• If hunters do not feel well, they should stay home. Anyone 70 and older or with a compromised immune system should postpone their trip.
  • For more information about getting outdoors and #RecreateLocal, go to DEC’s Website.

Buy Sporting Licenses Online

DEC is encouraging hunters, trappers, and anglers to purchase sporting licenses online to help further limit the community spread of COVID-19. Sporting licenses may be purchased online at any time, and anglers may use their privileges immediately by simply carrying their transaction number (DEC-LS#) with them while afield. Anglers, hunters, and trappers may also use the HuntFishNY mobile app to display an electronic copy of their license. The HuntFishNY app is available for download through the Apple App or Google Play stores. Back tags and carcass tags must still be mailed, and customers should allow 10-14 days for receipt of their tags. Please visit our website for more information about sporting licenses.

Citizen Science Opportunity: DEC Seeks Turkey Hunters for Ruffed Grouse Drumming Survey

Turkey hunters can record the number of ruffed grouse they hear drumming while afield to help DEC track the distribution and abundance of this game bird. To get a survey form, go to DEC’s website or call (518) 402-8883. To participate in DEC’s Summer Wild Turkey Sighting Survey or other wildlife surveys, visit the “Citizen Science” page of DEC’s website.

Youth Ready for Big Game Hunt in New York

– 3-Day Columbus Weekend Special Firearm Season (Oct. 8-10, 2016)
– For Properly Licensed Youth – 14 and 15 years Old

Anticipation and excitement are among reasons why NYS holds a special, early youth firearms season. NOTE: Since this hunt occurs during the second full week of the 6-week regular archery season in NYS, all hunters are encouraged to wear some form of orange for safety/visibility while accessing the woods. Forrest Fisher Photo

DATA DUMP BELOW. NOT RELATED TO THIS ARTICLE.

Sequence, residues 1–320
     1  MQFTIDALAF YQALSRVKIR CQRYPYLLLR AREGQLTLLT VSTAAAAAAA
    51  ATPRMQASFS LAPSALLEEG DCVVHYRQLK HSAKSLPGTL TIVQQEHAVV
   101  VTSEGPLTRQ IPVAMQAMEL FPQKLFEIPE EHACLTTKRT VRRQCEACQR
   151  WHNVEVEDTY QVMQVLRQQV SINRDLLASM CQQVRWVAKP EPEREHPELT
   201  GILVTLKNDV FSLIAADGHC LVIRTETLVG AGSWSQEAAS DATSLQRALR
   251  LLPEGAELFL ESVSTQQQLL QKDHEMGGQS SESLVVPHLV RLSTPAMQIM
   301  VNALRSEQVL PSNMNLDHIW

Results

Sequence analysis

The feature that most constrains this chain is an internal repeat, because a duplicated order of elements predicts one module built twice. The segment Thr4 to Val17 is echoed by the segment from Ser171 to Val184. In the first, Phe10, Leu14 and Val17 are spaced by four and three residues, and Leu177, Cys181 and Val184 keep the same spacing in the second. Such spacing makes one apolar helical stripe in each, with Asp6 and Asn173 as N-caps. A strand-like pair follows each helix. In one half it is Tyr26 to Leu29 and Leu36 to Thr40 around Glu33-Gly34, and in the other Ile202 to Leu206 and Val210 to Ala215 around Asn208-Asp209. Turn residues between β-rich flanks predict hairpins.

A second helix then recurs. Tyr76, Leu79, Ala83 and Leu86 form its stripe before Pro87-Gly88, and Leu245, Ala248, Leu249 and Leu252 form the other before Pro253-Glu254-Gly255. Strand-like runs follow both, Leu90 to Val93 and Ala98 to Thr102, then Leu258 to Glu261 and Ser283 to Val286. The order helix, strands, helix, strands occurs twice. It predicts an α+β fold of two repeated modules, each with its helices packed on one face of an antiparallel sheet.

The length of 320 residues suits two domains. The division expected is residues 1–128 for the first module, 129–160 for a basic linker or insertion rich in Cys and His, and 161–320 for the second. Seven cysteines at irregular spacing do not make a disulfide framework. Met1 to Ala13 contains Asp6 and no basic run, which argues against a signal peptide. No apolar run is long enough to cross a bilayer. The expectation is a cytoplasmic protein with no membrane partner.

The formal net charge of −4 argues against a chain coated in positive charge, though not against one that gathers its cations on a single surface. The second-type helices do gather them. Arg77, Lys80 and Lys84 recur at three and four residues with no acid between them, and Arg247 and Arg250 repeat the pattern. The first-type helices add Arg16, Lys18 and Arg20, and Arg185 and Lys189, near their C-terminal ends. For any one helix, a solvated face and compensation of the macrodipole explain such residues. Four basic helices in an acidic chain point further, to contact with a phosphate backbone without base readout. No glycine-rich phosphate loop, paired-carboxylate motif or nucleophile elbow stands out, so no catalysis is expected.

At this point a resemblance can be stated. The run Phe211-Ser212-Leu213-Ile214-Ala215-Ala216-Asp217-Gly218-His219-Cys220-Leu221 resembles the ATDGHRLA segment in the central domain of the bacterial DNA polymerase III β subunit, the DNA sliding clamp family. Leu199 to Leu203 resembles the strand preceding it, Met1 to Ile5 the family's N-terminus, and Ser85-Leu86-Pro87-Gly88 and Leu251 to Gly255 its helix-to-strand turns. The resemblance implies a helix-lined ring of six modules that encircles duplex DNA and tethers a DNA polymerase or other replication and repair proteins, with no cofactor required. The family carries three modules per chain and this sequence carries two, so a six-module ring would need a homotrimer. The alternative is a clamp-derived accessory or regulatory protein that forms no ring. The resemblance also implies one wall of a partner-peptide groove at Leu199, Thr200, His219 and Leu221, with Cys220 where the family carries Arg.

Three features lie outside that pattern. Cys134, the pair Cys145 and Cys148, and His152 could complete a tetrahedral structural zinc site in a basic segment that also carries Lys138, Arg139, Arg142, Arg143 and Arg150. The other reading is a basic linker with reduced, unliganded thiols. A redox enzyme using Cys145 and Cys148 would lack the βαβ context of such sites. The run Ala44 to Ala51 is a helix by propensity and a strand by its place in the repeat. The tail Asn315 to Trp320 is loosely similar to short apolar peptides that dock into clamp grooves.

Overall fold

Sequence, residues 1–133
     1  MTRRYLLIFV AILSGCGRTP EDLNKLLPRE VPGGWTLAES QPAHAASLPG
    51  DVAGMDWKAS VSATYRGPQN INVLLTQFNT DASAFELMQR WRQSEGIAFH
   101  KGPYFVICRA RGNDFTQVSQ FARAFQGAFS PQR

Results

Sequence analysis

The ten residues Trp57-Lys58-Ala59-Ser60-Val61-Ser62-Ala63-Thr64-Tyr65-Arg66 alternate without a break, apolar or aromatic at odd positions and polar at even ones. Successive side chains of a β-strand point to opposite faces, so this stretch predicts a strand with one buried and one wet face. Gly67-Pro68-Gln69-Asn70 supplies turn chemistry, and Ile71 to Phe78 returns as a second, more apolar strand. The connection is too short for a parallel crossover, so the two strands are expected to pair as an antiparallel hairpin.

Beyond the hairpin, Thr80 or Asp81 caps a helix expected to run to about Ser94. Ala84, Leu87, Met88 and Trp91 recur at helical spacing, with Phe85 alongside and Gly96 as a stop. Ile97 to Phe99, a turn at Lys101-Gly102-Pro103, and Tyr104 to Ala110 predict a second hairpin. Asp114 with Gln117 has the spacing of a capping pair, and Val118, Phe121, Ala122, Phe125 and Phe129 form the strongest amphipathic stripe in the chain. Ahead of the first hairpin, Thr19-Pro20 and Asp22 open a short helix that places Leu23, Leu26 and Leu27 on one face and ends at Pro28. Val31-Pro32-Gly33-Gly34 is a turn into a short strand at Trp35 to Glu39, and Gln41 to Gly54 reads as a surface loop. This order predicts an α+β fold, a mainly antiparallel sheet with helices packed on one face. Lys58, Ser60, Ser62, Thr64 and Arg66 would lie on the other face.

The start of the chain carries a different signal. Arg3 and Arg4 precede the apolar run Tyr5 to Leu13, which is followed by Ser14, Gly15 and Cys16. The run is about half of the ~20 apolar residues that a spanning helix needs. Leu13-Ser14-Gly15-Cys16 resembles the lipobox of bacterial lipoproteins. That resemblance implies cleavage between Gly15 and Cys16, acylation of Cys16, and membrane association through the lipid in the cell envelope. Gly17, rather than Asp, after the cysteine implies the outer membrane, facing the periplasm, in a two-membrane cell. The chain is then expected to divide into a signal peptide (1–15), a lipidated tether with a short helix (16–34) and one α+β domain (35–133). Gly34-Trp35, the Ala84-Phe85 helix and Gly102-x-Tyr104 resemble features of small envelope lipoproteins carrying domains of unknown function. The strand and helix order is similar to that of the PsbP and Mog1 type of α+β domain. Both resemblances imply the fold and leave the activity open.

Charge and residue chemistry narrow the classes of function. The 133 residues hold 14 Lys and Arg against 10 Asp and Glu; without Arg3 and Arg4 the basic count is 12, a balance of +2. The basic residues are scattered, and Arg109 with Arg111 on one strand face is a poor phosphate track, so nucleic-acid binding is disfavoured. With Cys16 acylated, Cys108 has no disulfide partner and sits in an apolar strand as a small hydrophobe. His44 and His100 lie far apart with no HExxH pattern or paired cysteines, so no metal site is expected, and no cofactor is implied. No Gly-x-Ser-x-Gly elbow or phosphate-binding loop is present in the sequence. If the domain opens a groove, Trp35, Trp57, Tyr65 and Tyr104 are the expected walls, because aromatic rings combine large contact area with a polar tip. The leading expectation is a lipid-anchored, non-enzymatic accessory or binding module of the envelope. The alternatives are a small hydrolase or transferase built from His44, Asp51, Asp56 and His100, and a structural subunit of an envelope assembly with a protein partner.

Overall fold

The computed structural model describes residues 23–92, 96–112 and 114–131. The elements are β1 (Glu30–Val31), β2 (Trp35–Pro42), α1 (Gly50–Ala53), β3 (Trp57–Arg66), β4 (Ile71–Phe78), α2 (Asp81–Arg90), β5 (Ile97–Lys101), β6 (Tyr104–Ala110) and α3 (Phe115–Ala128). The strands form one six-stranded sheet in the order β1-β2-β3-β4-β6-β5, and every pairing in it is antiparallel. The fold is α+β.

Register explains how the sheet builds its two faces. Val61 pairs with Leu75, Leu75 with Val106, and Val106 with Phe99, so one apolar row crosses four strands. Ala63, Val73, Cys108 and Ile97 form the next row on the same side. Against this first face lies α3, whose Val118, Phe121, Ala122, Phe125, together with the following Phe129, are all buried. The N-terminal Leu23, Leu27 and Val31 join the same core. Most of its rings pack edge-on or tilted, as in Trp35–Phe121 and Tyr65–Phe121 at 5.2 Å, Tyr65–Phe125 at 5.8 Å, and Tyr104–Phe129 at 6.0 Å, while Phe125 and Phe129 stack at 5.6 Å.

The New York State Department of Environmental Conservation reminds us that this weekend brings a new opportunity for junior hunters, as New York’s annual Youth Big Game Hunt on Columbus Day weekend has expanded to include Black Bear as well as Whitetail Deer.

From October 8 through October 10, properly licensed 14- and 15-year-old youth may use a firearm to hunt big game while accompanied by an experienced, NYS licensed adult hunter.

Each eligible junior hunter is allowed to take one deer (either sex) and one bear. During the youth hunt, antlerless deer taken with a firearm may be tagged with a regular season tag, Deer Management Permit, or Deer Management Assistance Program tags; antlered deer may only be tagged with the regular season tag.

Though junior hunters may have multiple deer tags, they may only take 1 deer with a firearm during the Youth Big Game Hunt.

This special hunting opportunity takes place throughout New York State, except in Suffolk County and specially designated bowhunting-only areas.

Additional rules that apply to junior hunters and their adult mentors can be found in the NYS Hunting & Trapping Guide (pages 36-37) or on the DEC website.

The Youth Big Game Hunt is a great way for experienced, adult hunters to help the young people in their life have an enjoyable and successful hunt. Get out and enjoy the nice weather and beautiful foliage this weekend while you teach young family members and friends the fine points of big game hunting.

Create memories that will be cherished for a lifetime.